Soul-Care Articles: Christ-centered, Spirit-led, Biblically-based, Clinically-sound, Truth-oriented

SOURCE:  Excerpted from a book by Steve Arterburn

Often the big problem with anger in marriage is not that anger sometimes appears, but how the couple handles it when it does. One of the weakest links in most relationships is how conflict is addressed and resolved.

Conflict problems come in two sizes: conflict avoidance and conflict escalation. Either can be the cause of the other.

Avoiding conflict allows issues to build to a boiling point, which upgrades them to atomic-level explosions when they come to a head. Conflict escalation, on the other hand, can be such a traumatic experience that it leads couples to avoid facing their issues altogether. The resulting cold war creates an atmosphere of tension that reduces intimacy and builds walls. The solution is not to avoid important differences, but to set ground rules for effective communication when conflict arises.

It’s a simple, three-step process.


The first rule in effective conflict resolution is to listen carefully to everything your mate is saying—both on the surface and beneath it. Failure to listen is one of the most common causes of miscommunication. As one man told his friend, “My wife says I don’t listen to her. At least, I think that’s what she said.”

To see whether you really listen to your mate, do this two-point check on yourself the next time the two of you attempt to resolve a conflict. First, when your mate begins to speak, do you find yourself getting angry and planning your response even before your mate’s first sentence is complete? Second, do you find yourself interrupting and refuting before your mate completes all he or she intends to say?

These common tendencies indicate that you are not listening. Your castle is closed, the drawbridge is up, and you are notching your arrows for the counterattack. When both partners do this, they might as well be locked in separate rooms for all the good their discussion is doing. Neither is hearing the other.

Observing sound speaker/listener techniques can do much to resolve conflicts effectively. The first rule is that one person—let’s say your spouse— has the floor at a time and holds it without interruption as long as needed to say what she feels.

The spouse should limit what she says to the subject at hand, and it’s important that she avoid being accusative. She should talk about her own thoughts and feelings concerning the controversy and not attack her husband’s point of view or motives. (“Here is why I think we need to buy that new sofa …”) That means using “I” statements instead of “you” statements. “I” statements unite, while “you” statements are interpreted as attacks and create alienation and distance. (“You never seem to notice how ragged and lumpy those cushions are.”) She should avoid name-calling, judgments, criticisms, and all-encompassing assumptions such as “you always” or “you never” statements.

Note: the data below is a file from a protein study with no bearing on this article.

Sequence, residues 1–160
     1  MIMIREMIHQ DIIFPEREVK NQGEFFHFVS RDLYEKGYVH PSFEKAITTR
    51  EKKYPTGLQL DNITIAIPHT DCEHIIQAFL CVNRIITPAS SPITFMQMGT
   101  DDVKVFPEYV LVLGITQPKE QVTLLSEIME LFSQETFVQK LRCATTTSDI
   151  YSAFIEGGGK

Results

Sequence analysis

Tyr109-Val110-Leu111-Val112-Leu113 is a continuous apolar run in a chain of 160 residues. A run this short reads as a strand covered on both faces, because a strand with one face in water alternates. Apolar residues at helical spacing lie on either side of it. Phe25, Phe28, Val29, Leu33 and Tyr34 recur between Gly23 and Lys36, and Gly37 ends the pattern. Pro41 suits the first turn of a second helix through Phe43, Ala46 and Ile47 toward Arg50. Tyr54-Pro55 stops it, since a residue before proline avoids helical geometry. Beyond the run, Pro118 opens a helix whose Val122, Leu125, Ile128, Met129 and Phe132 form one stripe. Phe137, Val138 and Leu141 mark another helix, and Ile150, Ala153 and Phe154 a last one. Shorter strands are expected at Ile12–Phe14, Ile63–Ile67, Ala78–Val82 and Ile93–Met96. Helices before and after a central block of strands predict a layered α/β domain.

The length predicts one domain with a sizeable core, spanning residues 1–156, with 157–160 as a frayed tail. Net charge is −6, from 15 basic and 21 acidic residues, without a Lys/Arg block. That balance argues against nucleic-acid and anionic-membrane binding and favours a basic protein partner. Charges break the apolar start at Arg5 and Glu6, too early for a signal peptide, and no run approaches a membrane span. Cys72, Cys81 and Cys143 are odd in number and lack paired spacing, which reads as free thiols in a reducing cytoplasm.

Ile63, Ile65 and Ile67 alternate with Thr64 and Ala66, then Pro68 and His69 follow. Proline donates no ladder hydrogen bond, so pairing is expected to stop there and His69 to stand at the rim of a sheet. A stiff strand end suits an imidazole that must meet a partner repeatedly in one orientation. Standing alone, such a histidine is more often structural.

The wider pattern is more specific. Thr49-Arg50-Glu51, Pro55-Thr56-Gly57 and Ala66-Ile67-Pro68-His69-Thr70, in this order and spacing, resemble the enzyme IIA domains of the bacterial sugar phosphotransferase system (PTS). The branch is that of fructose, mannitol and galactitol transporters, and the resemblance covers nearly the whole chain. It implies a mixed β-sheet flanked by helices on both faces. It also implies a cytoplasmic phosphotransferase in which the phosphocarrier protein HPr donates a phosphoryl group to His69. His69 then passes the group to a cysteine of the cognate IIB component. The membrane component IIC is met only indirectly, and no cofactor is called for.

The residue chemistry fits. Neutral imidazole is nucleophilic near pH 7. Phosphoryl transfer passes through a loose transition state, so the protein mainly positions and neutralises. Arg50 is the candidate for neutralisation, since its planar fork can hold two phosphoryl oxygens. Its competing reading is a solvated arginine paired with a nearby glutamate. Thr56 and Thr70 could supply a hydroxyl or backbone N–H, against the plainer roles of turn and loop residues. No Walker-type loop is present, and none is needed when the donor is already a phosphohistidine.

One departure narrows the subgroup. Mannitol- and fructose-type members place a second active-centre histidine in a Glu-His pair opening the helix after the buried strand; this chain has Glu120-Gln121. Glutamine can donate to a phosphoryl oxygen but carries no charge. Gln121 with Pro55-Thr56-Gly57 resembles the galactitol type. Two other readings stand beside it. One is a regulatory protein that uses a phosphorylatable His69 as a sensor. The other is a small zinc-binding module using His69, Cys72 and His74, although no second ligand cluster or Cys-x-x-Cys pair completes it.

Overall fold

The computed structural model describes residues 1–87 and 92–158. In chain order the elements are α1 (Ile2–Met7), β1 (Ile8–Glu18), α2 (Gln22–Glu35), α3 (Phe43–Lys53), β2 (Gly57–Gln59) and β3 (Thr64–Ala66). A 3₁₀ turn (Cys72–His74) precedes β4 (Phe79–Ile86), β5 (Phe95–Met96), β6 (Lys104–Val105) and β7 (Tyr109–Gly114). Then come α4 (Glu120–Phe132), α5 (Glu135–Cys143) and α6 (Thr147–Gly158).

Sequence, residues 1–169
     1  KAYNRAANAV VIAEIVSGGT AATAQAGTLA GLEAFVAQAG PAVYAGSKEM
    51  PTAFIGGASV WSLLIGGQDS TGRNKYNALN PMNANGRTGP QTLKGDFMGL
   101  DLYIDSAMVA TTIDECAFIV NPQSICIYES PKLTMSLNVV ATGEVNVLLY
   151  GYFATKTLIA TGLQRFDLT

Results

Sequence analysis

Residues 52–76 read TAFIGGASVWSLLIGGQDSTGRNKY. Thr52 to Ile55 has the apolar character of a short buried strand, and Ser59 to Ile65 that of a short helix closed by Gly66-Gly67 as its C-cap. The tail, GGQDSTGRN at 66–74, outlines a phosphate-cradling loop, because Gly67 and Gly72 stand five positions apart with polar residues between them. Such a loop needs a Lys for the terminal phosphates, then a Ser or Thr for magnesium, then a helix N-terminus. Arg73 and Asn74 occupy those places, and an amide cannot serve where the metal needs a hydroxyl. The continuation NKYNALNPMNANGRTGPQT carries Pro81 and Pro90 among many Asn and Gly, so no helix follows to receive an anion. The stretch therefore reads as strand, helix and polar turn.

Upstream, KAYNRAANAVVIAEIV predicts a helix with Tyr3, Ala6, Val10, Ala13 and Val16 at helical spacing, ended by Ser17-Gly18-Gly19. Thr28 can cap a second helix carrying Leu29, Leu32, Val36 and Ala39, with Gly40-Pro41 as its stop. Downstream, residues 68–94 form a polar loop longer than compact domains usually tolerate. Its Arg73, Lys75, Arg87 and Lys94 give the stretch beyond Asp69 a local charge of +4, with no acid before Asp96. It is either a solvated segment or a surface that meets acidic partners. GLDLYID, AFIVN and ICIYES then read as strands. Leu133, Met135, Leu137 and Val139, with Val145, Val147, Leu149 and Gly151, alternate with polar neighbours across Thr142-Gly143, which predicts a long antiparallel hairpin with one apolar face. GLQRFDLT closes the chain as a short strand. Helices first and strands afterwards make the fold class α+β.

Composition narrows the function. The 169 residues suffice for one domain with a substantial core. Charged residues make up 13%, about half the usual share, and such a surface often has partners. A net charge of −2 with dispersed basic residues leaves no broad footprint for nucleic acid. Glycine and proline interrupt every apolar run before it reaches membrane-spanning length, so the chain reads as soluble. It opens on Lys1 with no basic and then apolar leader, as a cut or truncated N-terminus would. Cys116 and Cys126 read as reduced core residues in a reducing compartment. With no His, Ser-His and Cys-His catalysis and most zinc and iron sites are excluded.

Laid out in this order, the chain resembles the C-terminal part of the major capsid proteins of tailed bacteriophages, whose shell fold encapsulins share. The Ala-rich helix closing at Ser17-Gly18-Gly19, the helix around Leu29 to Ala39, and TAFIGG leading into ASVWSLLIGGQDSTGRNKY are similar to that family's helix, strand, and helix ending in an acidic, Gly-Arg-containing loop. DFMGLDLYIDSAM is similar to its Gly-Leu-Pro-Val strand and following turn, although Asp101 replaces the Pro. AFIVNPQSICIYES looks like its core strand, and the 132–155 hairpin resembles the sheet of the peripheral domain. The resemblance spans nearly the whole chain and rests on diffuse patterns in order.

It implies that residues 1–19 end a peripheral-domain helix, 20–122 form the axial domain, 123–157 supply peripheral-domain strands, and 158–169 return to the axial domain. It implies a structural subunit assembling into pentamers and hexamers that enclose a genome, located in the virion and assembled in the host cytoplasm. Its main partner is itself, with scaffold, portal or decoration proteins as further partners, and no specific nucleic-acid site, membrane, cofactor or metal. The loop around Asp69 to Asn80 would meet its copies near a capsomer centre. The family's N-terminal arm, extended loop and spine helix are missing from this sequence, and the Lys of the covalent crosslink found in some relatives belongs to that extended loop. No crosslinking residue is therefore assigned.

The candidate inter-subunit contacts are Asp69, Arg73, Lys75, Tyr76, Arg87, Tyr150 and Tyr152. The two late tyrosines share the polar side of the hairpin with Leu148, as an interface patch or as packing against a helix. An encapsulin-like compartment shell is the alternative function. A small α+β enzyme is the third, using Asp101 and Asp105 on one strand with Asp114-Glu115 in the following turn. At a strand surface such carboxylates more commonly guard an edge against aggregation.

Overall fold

You must remain quiet and listen carefully and respectfully until she finishes. Though you disagree and may be angry yourself, you must not appear bored or show contempt with body language or facial expressions. Disagreement is no excuse for disrespect.


Before you present your own view of the issue, you must paraphrase what you heard back to your wife to be sure you understood. She listens to your paraphrase without interrupting, and then she either affirms or corrects as needed. To ensure complete understanding, you should limit your paraphrase to a maximum of three sentences at a time before pausing for her affirmation or correction.


When your wife agrees that you have understood her correctly, you make your rebuttal to her original statement. As you do this, your positions reverse, and she becomes the listener, making no interruptions until you finish and then paraphrasing your words back to you as you did for her. The two of you continue this process back and forth until you reach some kind of agreement or resolution.+

You may think this procedure seems unnatural. Bingo! That’s the whole point. You already know what happens when you tackle controversy by doing what comes naturally. Having an ordered procedure tends to defuse the powder keg.


+These rules of engagement are adapted from the book, A Lasting Promise: A Christian Guide to Fighting for Your Marriage by Scott Stanley, Daniel Trathen, Savanna McCain, and Milt Bryan (San Francisco: Jossey-Bass, 1998).


Arterburn, S. (2013). 7-minute marriage solution, the: 7 things to start! 7 things to stop! 7 minutes that matter most!. Brentwood, TN: Worthy Publishing.


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